Deborah D. McAdams /
12.06.2013 04:52 PM
Wheeler Delays Spectrum Auction Until 2015
Says software and systems must be ‘exhaustively’ tested
WASHINGTON — The TV spectrum incentive auction has been postponed by a year. The chairman of the Federal Communications Commission, Tom Wheeler, delivered the news via FCC Blog on Friday.

“I believe we can conduct a successful auction in the middle of 2015,” he wrote.

“Getting the right policy and procedures for the auction is only half the job,” he said. “For the incentive auction to be a success, we must also ensure that the operating systems and software to run it work from the moment the first bid is placed, until the final broadcast station is relocated or ‘repacked.’”

The National Association of Broadcasters has lodged several concerns with the TV station repacking software, TVStudy. NAB executives met with FCC engineering officials last week to object to the proposed calculations in TVStudy, and questioned whether it indeed met the spirit of the law that “all reasonable effort” be made to preserve TV signal reach. (See “NAB Challenges FCC’s ‘Reasonable Effort.’”)

Wheeler seemed to address those concerns directly: “Above and beyond our normal auction preparation procedures, our project plan for the incentive auction includes several software demonstrations for potential users in addition to the ‘mock auction’ we typically hold to ensure the software and system performance. Only when our software and systems are technically ready, user friendly, and thoroughly tested, will we start the auction.”

Until Friday, the FCC appeared to be determined to hold the auction in June of 2014. Many details, however, remain undetermined, including repacking coordination with Canada and Mexico. Wheeler laid out a timeline in his blog. He said the FCC’s Incentive Auction Task Force would provide more timeline details a the commission’s regular January open meeting, but that a Report and Order would be expected in the spring.

“Another important aspect of the project plan will include developing the actual procedures for how the auction will be conducted,” he said. Related Public Notices are expected in the second half of 2014.

Marci Ryvicker, broadcast analyst at Wells Fargo said the delay was no surprise, and that it “gives broadcasters more information to determine their likelihood of participation.”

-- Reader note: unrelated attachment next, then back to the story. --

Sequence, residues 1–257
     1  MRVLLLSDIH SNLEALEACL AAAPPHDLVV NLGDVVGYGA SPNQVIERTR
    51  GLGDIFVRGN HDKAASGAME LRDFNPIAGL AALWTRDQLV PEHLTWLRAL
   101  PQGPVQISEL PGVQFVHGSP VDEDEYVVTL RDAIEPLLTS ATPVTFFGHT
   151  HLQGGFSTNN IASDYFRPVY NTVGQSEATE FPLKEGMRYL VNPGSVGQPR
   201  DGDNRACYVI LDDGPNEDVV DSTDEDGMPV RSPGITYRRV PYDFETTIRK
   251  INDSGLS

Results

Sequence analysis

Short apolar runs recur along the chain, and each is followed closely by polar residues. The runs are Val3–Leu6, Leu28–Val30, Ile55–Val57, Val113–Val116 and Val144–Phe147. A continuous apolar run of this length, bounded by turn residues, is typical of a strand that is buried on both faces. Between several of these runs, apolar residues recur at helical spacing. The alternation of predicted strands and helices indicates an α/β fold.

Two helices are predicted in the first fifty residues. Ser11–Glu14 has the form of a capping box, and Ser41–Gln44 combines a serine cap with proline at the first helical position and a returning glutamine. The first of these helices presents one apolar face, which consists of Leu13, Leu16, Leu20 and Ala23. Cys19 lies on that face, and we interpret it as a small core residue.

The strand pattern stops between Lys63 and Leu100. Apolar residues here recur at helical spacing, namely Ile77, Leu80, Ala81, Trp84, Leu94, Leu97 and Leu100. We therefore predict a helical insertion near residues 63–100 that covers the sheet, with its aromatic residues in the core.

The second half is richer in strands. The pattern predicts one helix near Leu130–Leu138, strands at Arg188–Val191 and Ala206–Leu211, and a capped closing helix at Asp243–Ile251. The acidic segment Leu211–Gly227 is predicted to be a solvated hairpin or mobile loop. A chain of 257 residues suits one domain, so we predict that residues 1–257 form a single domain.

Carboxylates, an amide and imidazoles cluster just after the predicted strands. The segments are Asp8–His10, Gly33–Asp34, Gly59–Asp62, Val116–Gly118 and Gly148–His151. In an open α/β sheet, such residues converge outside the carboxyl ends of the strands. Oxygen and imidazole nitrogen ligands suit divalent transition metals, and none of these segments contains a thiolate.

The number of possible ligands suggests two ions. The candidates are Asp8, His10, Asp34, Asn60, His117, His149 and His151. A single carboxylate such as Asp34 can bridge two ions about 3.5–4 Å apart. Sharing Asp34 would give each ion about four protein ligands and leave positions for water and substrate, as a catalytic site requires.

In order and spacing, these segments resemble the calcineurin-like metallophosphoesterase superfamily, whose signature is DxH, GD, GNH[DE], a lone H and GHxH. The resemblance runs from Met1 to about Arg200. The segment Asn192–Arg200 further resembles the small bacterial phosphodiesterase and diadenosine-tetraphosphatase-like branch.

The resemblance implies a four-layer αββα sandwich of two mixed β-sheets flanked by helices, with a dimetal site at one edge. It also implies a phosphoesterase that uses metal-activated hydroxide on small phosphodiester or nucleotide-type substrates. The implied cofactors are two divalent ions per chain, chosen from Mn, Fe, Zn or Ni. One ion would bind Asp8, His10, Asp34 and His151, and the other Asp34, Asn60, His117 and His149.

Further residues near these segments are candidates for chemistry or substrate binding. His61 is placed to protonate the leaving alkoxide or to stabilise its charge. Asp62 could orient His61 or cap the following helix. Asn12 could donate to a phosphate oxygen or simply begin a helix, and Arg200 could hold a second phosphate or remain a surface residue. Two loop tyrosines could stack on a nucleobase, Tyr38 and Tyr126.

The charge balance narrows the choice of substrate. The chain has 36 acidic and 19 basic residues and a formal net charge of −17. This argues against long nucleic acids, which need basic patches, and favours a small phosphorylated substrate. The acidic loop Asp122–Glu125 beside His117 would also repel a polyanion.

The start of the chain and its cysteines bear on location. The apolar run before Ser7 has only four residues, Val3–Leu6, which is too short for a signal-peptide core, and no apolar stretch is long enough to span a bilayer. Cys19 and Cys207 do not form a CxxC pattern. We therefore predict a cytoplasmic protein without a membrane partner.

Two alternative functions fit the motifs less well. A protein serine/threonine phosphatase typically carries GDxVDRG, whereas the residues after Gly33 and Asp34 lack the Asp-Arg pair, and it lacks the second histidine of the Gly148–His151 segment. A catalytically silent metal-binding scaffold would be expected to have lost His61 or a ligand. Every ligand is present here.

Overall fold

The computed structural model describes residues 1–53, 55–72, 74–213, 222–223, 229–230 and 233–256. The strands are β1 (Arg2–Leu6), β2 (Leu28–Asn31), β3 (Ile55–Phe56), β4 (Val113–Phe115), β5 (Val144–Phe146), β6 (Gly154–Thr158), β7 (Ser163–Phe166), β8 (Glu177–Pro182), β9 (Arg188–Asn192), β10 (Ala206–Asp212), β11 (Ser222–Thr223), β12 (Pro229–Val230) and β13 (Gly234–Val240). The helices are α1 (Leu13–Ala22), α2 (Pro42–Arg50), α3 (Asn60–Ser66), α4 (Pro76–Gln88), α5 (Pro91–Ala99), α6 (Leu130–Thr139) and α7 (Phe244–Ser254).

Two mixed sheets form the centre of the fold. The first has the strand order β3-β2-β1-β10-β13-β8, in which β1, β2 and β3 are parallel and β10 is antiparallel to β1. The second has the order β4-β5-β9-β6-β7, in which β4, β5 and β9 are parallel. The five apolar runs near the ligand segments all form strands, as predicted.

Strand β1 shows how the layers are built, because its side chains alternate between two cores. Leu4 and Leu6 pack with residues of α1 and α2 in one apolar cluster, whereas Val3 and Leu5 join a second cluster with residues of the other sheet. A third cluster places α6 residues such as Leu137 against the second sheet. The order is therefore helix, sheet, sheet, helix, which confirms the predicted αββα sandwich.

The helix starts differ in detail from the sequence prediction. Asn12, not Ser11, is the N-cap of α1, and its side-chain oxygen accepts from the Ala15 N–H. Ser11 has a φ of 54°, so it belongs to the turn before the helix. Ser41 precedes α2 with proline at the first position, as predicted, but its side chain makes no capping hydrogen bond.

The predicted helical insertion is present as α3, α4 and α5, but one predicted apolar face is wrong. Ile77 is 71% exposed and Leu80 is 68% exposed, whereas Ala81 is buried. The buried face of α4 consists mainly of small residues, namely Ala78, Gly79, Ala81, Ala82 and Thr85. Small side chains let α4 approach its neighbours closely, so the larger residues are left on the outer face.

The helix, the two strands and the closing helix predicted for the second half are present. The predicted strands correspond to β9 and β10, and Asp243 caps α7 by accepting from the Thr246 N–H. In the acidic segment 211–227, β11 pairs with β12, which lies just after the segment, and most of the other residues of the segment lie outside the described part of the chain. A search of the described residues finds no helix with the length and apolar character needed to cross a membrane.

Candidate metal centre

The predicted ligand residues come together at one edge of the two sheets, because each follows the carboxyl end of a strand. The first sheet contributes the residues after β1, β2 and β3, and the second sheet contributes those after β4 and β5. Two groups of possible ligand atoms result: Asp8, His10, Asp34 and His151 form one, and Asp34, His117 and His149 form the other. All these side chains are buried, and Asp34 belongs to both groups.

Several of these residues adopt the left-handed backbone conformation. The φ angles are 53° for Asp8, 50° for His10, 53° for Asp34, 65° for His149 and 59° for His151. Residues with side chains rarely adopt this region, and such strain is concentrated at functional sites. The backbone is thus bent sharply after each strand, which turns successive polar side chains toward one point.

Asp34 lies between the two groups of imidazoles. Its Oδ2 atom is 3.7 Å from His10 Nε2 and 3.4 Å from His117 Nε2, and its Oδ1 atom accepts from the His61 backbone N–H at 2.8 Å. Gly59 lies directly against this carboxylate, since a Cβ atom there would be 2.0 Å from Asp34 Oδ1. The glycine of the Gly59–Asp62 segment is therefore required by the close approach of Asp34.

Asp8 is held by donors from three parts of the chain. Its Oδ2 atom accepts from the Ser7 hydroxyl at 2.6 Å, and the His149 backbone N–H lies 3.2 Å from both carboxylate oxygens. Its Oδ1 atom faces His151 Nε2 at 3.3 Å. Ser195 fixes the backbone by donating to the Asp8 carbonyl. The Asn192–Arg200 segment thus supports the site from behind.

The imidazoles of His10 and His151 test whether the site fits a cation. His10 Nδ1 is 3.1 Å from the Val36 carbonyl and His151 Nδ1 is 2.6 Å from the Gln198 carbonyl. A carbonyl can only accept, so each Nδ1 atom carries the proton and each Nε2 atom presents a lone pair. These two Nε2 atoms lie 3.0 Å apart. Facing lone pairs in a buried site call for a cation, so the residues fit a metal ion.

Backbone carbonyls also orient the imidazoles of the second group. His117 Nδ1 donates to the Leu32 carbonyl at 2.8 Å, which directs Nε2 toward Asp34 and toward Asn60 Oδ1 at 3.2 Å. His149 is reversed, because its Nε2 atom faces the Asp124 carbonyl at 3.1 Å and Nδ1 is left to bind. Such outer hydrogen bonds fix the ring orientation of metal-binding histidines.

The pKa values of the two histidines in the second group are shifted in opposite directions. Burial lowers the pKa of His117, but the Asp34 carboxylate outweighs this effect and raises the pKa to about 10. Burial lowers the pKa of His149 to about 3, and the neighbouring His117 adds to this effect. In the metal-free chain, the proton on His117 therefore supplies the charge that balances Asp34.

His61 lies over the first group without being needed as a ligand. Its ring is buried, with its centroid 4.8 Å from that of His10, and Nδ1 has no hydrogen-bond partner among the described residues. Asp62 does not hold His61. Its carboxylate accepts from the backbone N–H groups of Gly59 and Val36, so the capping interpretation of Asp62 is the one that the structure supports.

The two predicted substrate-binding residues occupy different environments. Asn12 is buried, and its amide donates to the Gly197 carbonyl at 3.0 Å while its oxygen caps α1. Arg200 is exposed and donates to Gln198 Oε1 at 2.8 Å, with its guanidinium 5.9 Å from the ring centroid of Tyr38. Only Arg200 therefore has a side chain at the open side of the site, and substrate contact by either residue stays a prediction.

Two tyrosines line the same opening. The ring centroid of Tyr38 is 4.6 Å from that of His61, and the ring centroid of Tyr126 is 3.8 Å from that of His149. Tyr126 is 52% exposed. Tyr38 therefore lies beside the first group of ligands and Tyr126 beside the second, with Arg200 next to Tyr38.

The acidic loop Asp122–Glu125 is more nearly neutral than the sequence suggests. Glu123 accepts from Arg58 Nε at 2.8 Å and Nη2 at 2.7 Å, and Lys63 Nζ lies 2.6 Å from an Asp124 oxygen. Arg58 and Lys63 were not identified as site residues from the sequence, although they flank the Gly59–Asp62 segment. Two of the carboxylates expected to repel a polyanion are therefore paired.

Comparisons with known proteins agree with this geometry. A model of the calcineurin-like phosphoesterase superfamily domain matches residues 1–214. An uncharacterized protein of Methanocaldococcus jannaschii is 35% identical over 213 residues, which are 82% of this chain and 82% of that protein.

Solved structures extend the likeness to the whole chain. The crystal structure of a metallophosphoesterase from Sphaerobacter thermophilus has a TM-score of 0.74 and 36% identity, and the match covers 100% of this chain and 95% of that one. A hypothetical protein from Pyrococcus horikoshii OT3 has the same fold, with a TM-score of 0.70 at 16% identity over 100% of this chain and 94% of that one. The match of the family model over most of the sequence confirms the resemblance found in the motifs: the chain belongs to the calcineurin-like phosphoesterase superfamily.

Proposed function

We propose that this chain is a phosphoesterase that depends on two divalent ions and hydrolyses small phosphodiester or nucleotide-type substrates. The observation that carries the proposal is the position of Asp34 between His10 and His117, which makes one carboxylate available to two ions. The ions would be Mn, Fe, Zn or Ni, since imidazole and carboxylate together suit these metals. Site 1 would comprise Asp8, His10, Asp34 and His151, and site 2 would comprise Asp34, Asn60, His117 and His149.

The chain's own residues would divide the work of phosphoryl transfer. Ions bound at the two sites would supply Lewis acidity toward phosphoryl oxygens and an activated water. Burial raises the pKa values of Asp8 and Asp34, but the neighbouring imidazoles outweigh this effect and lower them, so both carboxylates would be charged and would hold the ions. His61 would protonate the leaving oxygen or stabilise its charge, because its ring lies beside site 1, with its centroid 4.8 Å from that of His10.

By that measure, the delay bodes well for a group of the willing led by former Disney executive, Preston Padden, who is set to testify at a Senate Commerce Committee hearing Tuesday on the incentive auction.

“The FCC has not yet attracted anything approaching the critical mass of TV station volunteers that will be necessary to have a successful auction,” he wrote in his prepared testimony. “Without sufficient TV station volunteers, the FCC will have no spectrum to auction.”

Both the broadcast and wireless lobbies reacted. CTIA-The Wireless Association, was measured:

“CTIA welcomes FCC Chairman Tom Wheeler’s announcement…” its chief Steve Largent said. “I commend Chairman Wheeler for his efforts to advance this important proceeding and his commitment to conducting this critical auction by middle of 2015."

Gordon Smith, chief of the National Association of Broadcasters, said, “NAB appreciates Chairman Wheeler's decision to set new goals for the commission's incentive auction timeline. As NAB has long maintained, given the complexity of the auction and its many moving parts, the most important goal is to get the auction done right.”

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Posted by: Anonymous
Mon, 12-09-2013 02:17 PM Report Comment
"... Only when our software and systems are technically ready, user friendly, and thoroughly tested, will we start the auction.” -- It looks like Obamacare has them scared. They sure don't want another web site disaster right before the 2014 congressional elections.
Posted by: Anonymous
Mon, 12-09-2013 03:39 PM Report Comment
Maybe it saves some jobs for another year. I know ION was one network looking to power down their 59 stations and be a cable network. They would clean up with selling their spectrum across the nation. They have been moving to this model for several years as they slowly eliminated local avails and all local spots. Then you have the stations that will still maintain a local presence but without RF transmitters. The age of the studio engineer returns to TV. Even that will be limiting because a lot that the studio engineer did is now being eliminated as systems go more modular again. At my facility we have a hardware failure every month or so. Thankfully we do have an active news division so that keeps the staff busy with fixing cameras and maintaining ENG equipment. Quite frankly the busiest engineer in our plant is the IT guy.

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